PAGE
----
Our third conversation in our continuing celebration of the Association Volunteer (read more here) is with Chris Carbone, a volunteer with the Public Relations Society of America-Maryland Chapter (PRSA-MD). Chris joined PRSA-MD for the networking; however, he soon discovered an association community that values its profession and its members, and offers support and encouragement to all.
It’s just been a great opportunity for me to get to know leaders in the PR community here in Baltimore, to be part of the discussion, and to actually contribute to the discussion bringing forth my own ideas about what we can do with the events, the newsletter, and what we can do to strengthen the organization.
Chris first joined PRSA-MD in 1995 strictly as a place to network. He was relatively new to Baltimore, a student in the MFA in Creative Writing and Publishing Arts program at the University of Baltimore, and actively looking for a job. He found that job as a graphic designer with the engineering firm KCI. Recognizing the value of professional organization from the networking standpoint, Chris continued to make periodical appearances at PRSA meetings but, other than playing for the softball team, never became seriously involved.
That changed when his job at KCI changed. Although his initial responsibilities were graphic design, he was soon named the Director of Corporate Communications. The problem? He worked with engineers and scientists so there was no one else at KCI doing the same things he was.
I felt I was working in a vacuum and I really needed to reach out to a professional community where I could get ideas, bounce ideas off people, and stay abreast of what was going on in communications, technology and such.
In other words, he needed a place not only to network but to learn about his new profession. Remembering his prior experiences with PRSA, he renewed his membership in 2006, and started going to meetings again.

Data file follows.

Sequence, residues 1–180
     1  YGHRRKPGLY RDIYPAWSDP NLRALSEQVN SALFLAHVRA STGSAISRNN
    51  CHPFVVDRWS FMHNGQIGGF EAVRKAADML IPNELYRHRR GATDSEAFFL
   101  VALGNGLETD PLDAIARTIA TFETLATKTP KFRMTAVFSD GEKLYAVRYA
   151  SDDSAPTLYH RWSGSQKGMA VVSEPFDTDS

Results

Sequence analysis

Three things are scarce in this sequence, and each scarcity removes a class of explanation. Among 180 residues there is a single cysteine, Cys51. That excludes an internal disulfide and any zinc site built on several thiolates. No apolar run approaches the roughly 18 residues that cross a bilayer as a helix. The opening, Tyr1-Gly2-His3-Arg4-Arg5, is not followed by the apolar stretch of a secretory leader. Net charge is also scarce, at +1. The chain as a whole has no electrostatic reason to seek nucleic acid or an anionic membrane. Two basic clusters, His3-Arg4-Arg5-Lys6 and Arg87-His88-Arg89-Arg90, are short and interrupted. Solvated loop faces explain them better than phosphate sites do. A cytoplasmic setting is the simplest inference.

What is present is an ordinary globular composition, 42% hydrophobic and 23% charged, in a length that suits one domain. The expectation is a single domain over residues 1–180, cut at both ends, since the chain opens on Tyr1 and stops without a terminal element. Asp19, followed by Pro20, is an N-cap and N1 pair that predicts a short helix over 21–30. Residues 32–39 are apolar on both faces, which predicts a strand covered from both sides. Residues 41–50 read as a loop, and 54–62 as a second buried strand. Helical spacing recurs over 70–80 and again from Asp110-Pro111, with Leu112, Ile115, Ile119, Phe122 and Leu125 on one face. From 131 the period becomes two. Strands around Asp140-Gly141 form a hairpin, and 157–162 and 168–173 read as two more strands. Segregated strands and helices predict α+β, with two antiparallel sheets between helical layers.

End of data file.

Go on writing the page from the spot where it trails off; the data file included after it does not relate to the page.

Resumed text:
But Chris was still only attending meetings. Sure, he’d meet new people, learn interesting things, and take back fresh ideas, but he still felt he needed more. So in 2008, he talked with then PRSA-MD president, Erica Murray and expressed his interest in volunteering. Within a few days, Erica asked him to be the secretary for the 2009 board, and Chris hasn’t looked back since. In fact, not only is he serving his second term as secretary, at the invitation of the current president Laura LaChapelle, president of LaChapelle Communications, Chris also serves as chair for the PRSA-MD e-letter WebNotes, and is active in planning and running the monthly events.
And of course, there is the networking. Chris has been able to reach out to a number of people especially now as he is in a new phase of his professional life. No longer employed at KCI, and currently working as a freelancer, Chris has found a network of friends who are extremely supportive in his endeavors as he navigates into this next phase. He counts David Curley, vice president, Sandy Hillman Communications; Ken Smith APR, senior manager of Internal Communications, The Boeing Company; and Peggy Hoffman CAE, president of Mariner Management & Marketing LLC as just a few who have helped him along the way.
When he isn’t working or volunteering for PRSA-MD, Chris uses his talents to help his neighborhood association – Radnor-Winston Improvement Association – with updates on their website and their communications initiatives. Always the communicator.
Chris has come to realize not only the importance of being part of an association, but also the enrichment one gains by personally contributing to something of professional value. In his view, working as a volunteer for a professional association such as PRSA-MD is a “reciprocal relationship.” He has gotten as much from the association as he has given.
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